ILNews

Judge dismisses prisoner suit

Michael W. Hoskins
January 1, 2008
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A federal judge in Fort Wayne has dismissed a pro se complaint against a local sheriff and jail officials because it doesn't adequately state a claim to recover for alleged sexual harassment during a weapons strip search.

U.S. District Judge Philip Simon ruled in Nathan W. Romine v. Nick Yoder, et al., No. 1:08-CV-036 PS, which involved a suit from an Adams County Law Enforcement Center inmate. Romine said he was sexually harassed at the jail during a strip search for a razor blade but didn't make accusations that he was improperly touched or that the search wasn't proper.

The complaint claimed a guard snickered during the search and made "unnecessary, sexual comments" about his genitals.

In his decision, Judge Simon relied on caselaw changes in the past year from the Supreme Court of the United States to the 7th Circuit Court of Appeals. He relied on Bell Atlantic v. Twombly, 127 S. Ct. 1955, 1964-65 (2007), and Erickson v. Pardus, 127 S.Ct. 2197 (2007), that dealt with pleading standards - Twombly held that factual allegations must be enough to raise a right to relief above speculation, while Erickson held in the context of pro se suits that complaints must be liberally construed and held to less stringent standards than those where attorneys are involved.

Interpreting those two SCOTUS rulings, the 7th Circuit in August read those two cases together in Airborne Beepers & Video Inc v. AT&T Mobility, 499 F.3d 6663 (7th Cir. 2007), to mean that "at some point, the factual detail in a complaint may be so sketchy that the complaint does not provide the type of notice of the claim to which defendant is entitled."

Judge Simon determined that Romine didn't state a claim and that fear of an injury that didn't occur doesn't state a claim.
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  1. Indiana's seatbelt law is not punishable as a crime. It is an infraction. Apparently some of our Circuit judges have deemed settled law inapplicable if it fails to fit their litmus test of political correctness. Extrapolating to redefine terms of behavior in a violation of immigration law to the entire body of criminal law leaves a smorgasbord of opportunity for judicial mischief.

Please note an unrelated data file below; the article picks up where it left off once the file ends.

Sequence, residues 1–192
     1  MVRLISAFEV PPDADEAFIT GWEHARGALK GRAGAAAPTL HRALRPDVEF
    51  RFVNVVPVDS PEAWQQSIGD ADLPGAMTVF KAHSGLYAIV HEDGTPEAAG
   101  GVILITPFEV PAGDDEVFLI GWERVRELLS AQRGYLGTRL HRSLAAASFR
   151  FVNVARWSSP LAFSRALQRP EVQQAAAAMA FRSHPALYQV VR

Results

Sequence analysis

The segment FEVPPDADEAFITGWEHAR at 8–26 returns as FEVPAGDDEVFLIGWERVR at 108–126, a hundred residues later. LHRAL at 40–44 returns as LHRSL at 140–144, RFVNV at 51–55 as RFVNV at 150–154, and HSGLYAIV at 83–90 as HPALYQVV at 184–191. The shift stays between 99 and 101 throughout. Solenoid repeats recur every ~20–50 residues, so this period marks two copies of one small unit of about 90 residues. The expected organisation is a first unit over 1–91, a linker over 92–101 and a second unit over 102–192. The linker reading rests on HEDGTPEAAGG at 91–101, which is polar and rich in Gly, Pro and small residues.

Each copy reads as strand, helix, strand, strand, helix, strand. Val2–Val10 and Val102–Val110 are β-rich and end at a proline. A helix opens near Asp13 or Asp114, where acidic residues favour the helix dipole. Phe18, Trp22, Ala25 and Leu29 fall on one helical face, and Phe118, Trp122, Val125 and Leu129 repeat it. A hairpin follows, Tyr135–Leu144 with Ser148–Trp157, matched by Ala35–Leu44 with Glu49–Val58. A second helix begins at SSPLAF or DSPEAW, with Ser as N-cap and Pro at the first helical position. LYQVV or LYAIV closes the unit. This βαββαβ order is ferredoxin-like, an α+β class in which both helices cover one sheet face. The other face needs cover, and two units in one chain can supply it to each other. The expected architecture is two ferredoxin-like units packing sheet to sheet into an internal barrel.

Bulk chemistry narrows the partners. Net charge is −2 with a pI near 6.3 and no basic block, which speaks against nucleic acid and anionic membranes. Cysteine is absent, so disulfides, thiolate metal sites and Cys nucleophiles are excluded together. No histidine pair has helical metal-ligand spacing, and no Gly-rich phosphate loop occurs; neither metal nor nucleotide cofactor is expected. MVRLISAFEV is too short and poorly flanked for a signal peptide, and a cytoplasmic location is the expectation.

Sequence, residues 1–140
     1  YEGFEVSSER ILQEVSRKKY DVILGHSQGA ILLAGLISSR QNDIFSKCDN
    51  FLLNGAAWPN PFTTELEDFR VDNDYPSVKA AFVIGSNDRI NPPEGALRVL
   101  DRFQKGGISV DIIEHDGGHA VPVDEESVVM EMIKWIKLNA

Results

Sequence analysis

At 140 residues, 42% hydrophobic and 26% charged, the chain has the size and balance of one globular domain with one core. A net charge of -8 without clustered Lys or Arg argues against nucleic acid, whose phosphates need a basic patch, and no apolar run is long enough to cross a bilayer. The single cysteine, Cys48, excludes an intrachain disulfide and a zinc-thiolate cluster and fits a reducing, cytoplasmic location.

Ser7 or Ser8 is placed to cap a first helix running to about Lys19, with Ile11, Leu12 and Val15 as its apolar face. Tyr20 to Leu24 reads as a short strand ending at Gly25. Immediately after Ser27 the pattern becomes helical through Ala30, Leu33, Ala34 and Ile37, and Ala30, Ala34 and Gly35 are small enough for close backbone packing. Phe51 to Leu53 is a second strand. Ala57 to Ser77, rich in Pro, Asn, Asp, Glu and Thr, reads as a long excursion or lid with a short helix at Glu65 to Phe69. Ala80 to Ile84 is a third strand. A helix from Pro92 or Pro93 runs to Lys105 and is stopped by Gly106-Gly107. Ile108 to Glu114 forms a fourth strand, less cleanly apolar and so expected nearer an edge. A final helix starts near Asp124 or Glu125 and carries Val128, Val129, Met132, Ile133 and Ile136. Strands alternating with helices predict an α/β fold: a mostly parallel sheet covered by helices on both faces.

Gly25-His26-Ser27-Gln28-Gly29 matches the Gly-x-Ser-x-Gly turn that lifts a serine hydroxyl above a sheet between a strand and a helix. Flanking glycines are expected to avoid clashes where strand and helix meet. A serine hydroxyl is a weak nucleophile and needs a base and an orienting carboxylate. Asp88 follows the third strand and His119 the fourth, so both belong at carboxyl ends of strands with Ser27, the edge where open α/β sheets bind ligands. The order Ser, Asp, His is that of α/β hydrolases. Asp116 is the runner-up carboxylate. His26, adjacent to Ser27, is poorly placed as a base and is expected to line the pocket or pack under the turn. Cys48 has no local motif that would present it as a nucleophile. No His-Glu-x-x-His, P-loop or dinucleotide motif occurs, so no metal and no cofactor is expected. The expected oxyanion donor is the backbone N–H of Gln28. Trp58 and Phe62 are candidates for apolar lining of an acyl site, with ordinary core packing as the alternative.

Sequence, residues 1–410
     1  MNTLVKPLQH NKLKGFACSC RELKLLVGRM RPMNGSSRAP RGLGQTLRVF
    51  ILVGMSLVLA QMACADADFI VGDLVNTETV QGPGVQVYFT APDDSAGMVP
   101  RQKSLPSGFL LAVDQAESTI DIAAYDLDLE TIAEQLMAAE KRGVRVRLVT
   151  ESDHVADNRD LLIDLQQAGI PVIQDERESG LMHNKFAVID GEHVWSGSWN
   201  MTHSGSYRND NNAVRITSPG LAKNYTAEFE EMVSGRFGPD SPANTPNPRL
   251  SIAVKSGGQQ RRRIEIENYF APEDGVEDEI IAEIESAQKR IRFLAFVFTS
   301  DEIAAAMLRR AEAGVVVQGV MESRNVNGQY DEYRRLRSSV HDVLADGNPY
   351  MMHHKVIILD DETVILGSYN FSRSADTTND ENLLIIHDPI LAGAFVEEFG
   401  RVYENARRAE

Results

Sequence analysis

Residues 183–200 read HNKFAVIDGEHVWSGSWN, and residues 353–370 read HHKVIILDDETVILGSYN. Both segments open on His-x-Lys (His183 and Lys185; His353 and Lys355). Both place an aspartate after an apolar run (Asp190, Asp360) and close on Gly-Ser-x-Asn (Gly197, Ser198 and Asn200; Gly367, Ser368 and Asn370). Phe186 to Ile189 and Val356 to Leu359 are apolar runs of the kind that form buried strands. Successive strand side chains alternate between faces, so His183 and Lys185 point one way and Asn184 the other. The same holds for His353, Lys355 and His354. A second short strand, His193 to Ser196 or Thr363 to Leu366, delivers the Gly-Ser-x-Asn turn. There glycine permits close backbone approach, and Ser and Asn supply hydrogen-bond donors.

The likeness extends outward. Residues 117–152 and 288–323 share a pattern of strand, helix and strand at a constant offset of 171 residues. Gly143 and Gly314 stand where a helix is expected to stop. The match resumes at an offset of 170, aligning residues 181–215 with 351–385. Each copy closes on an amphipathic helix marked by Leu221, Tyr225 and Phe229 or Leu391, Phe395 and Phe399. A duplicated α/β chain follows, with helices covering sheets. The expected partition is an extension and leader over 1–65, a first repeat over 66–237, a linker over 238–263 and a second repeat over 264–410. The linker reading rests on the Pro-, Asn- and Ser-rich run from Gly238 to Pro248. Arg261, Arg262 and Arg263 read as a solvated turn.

2. I wonder if $10 diversions for failure to wear seat belts are considered moral turpitude in federal immigration law like they are under Indiana law? Anyone know?

  3. What a fine article, thank you! I can testify firsthand and by detailed legal reports (at end of this note) as to the dire consequences of rejecting this truth from the fine article above: "The inclusion and expansion of this right [to jury] in Indiana’s Constitution is a clear reflection of our state’s intention to emphasize the importance of every Hoosier’s right to make their case in front of a jury of their peers." Over $20? Every Hoosier? Well then how about when your very vocation is on the line? How about instead of a jury of peers, one faces a bevy of political appointees, mini-czars, who care less about due process of the law than the real czars did? Instead of trial by jury, trial by ideological ordeal run by Orwellian agents? Well that is built into more than a few administrative law committees of the Ind S.Ct., and it is now being weaponized, as is revealed in articles posted at this ezine, to root out post moderns heresies like refusal to stand and pledge allegiance to all things politically correct. My career was burned at the stake for not so saluting, but I think I was just one of the early logs. Due, at least in part, to the removal of the jury from bar admission and bar discipline cases, many more fires will soon be lit. Perhaps one awaits you, dear heretic? Oh, at that Ind. article 12 plank about a remedy at law for every damage done ... ah, well, the founders evidently meant only for those damages done not by the government itself, rabid statists that they were. (Yes, that was sarcasm.) My written reports available here: Denied petition for cert (this time around): http://tinyurl.com/zdmawmw Denied petition for cert (from the 2009 denial and five year banishment): http://tinyurl.com/zcypybh Related, not written by me: Amicus brief: http://tinyurl.com/hvh7qgp

  4. Justice has finally been served. So glad that Dr. Ley can finally sleep peacefully at night knowing the truth has finally come to the surface.

  5. While this right is guaranteed by our Constitution, it has in recent years been hampered by insurance companies, i.e.; the practice of the plaintiff's own insurance company intervening in an action and filing a lien against any proceeds paid to their insured. In essence, causing an additional financial hurdle for a plaintiff to overcome at trial in terms of overall award. In a very real sense an injured party in exercise of their right to trial by jury may be the only party in a cause that would end up with zero compensation.

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